NC State


One of our current interests is in the achievement of dry strength by means of wet-end addition.

The purpose of this contribution is to draw attention to the effect on sheet formation that the additions of dry strength agents, such as cationic starch, to the wet-end may produce.

For this work, we have used C14 labelled cationic starch, the synthesis of which is shown in Figure 1.

When added to a fibre suspension in a sheet machine, the cationic starch does show a very high retention on fibres related to their degree of beating and the pH of the suspension as shown in Figure 2. Native starches, on the
other hand, show very low retentions and are much less
dependent on pH.

However, in normal sheetmaking, the introduction of cationic starch may cause quite severe changes in sheet formation which, of course, will be important in any subsequent measurement of physical properties such as tensile strength.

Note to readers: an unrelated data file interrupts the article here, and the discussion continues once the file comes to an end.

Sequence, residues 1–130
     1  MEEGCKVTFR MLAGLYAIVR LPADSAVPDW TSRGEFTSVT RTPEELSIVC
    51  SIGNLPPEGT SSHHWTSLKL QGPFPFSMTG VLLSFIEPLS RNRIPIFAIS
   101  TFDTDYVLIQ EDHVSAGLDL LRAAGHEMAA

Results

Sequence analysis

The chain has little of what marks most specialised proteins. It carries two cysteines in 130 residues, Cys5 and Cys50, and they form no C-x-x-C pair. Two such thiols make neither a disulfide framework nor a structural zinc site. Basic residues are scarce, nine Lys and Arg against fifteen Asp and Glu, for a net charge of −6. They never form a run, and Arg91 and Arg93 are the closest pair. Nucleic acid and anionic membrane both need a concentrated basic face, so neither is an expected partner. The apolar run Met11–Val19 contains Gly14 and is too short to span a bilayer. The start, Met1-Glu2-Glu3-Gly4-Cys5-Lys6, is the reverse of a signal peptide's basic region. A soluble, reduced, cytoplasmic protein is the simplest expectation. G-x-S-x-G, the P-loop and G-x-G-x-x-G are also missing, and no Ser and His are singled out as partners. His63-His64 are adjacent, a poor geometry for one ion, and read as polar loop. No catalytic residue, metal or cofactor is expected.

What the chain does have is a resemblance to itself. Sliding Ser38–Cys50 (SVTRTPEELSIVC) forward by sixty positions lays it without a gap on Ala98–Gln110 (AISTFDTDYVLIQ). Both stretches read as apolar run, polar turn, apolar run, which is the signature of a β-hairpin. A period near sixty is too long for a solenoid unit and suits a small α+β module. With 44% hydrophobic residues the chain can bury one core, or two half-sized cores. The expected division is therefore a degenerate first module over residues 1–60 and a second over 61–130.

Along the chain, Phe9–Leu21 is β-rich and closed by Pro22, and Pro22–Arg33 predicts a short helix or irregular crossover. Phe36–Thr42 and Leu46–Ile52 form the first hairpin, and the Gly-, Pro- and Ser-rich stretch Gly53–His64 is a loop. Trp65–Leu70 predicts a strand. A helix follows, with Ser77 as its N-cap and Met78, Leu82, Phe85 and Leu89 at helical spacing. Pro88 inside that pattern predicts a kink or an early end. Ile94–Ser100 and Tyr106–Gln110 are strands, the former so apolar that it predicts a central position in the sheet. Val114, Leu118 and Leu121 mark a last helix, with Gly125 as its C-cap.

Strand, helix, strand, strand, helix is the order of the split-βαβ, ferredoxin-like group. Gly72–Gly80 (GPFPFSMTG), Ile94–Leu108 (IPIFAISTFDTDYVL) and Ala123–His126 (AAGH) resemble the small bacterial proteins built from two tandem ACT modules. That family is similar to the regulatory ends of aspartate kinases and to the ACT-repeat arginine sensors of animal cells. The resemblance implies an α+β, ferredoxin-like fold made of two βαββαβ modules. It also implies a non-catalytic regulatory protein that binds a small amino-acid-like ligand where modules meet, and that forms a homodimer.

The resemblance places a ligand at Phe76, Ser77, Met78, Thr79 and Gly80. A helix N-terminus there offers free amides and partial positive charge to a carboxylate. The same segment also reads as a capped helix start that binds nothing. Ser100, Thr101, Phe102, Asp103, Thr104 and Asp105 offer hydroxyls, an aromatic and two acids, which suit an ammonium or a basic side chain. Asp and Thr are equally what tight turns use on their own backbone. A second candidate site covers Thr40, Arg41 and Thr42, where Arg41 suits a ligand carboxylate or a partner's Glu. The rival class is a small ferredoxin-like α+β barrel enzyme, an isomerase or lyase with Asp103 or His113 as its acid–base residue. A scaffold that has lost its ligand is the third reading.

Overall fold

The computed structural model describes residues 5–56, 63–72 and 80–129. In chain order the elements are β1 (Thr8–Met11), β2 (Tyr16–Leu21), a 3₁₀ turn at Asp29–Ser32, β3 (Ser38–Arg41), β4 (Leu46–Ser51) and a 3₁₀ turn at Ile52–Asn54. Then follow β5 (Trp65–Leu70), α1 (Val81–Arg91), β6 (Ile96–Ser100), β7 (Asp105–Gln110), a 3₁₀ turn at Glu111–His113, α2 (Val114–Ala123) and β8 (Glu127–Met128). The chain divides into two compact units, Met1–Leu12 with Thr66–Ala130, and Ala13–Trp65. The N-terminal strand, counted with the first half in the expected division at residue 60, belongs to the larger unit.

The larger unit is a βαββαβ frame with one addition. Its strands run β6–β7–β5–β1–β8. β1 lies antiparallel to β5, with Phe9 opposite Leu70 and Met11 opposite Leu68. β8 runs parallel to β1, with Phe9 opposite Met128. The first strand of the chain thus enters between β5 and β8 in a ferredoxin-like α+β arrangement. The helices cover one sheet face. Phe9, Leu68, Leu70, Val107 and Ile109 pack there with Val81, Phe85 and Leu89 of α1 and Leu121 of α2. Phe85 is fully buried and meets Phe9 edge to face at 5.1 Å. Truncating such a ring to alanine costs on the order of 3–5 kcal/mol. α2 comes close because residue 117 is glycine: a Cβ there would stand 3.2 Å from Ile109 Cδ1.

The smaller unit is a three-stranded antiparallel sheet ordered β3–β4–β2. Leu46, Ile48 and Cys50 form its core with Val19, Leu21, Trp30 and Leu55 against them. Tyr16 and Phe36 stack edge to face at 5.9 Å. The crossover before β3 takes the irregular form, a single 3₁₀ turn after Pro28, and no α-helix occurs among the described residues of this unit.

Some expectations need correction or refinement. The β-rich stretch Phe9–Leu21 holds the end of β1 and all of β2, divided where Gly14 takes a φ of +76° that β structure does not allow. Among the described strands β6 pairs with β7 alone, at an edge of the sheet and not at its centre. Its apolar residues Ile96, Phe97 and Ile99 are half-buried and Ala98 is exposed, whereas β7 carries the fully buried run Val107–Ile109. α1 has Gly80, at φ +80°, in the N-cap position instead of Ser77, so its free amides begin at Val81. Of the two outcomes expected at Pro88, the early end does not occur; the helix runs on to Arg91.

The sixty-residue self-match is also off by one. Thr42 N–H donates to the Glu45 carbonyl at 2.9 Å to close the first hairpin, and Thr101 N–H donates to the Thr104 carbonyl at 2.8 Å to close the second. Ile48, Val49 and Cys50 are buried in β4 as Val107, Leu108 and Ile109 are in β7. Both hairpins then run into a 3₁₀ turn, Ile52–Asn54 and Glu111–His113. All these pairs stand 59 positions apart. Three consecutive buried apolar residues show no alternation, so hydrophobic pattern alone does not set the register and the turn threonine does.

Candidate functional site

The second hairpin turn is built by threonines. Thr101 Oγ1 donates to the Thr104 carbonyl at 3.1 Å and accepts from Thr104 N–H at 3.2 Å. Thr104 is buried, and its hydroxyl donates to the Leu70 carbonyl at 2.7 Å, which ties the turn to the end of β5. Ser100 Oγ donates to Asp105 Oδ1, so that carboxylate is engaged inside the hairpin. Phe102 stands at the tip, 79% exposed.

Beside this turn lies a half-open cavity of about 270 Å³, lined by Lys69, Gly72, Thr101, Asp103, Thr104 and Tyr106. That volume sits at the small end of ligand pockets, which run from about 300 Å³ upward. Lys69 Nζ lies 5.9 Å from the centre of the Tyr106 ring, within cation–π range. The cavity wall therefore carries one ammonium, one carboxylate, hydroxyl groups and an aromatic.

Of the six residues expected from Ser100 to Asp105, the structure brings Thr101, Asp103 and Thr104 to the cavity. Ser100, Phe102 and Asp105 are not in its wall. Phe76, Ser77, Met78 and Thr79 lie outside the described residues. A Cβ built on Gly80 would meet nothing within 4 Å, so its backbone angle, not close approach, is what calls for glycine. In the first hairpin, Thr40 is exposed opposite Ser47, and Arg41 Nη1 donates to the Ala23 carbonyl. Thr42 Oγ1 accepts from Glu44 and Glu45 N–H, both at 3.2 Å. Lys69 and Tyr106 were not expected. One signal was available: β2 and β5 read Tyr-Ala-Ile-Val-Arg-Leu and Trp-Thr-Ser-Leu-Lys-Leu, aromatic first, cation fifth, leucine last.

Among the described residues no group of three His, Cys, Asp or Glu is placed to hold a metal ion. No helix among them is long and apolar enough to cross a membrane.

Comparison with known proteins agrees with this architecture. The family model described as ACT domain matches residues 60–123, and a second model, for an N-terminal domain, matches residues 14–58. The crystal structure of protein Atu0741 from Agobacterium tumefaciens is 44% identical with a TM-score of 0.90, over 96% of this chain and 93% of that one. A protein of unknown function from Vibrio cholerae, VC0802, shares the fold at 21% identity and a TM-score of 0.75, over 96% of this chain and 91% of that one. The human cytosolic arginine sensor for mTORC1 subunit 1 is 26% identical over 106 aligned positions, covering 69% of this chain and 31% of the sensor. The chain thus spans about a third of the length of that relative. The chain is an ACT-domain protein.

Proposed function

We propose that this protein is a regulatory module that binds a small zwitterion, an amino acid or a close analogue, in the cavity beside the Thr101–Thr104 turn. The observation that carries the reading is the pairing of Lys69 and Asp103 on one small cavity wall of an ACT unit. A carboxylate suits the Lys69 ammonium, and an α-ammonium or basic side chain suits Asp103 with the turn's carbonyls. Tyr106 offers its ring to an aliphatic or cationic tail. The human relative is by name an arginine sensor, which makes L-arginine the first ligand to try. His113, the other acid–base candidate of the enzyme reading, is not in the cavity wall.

Figure 3 shows the breaking length obtained from hand sheets made from suspensions of fibres and cationic starch which had been pre-stirred for 0, 2, 10 and 15 minutes before being added to the sheet machine. It illustrates that the addition of cationic starch to the suspension may either increase or decrease the breaking length of the sheet depending on the degree of pre-stirring applied.

The effect of the addition of cationic starch on formation for three of the pre-stirring periods; 0, 2, and 10 minutes, is shown in Figure 4. Notice that, for the case of the suspension which had been pre-stirred for 10 minutes, the breaking length had increased while the formation had deteriorated with increasing levels of starch addition.

These results illustrate how important it is when analysing results of the effects of the addition of dry strength additives, to ensure that sheet formation remains constant.

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